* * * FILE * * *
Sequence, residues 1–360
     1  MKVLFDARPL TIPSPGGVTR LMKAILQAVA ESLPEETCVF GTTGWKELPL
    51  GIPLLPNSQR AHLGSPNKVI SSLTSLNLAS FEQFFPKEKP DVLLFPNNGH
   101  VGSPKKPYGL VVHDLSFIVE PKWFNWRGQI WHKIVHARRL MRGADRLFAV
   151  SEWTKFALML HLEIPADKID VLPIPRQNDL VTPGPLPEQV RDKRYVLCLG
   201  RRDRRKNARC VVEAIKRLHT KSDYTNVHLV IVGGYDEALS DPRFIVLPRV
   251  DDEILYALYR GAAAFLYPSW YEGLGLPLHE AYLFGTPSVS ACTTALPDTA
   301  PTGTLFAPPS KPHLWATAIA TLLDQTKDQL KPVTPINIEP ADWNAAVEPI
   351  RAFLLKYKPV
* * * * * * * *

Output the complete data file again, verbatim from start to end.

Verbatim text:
Sequence, residues 1–360
     1  MKVLFDARPL TIPSPGGVTR LMKAILQAVA ESLPEETCVF GTTGWKELPL
    51  GIPLLPNSQR AHLGSPNKVI SSLTSLNLAS FEQFFPKEKP DVLLFPNNGH
   101  VGSPKKPYGL VVHDLSFIVE PKWFNWRGQI WHKIVHARRL MRGADRLFAV
   151  SEWTKFALML HLEIPADKID VLPIPRQNDL VTPGPLPEQV RDKRYVLCLG
   201  RRDRRKNARC VVEAIKRLHT KSDYTNVHLV IVGGYDEALS DPRFIVLPRV
   251  DDEILYALYR GAAAFLYPSW YEGLGLPLHE AYLFGTPSVS ACTTALPDTA
   301  PTGTLFAPPS KPHLWATAIA TLLDQTKDQL KPVTPINIEP ADWNAAVEPI
   351  RAFLLKYKPV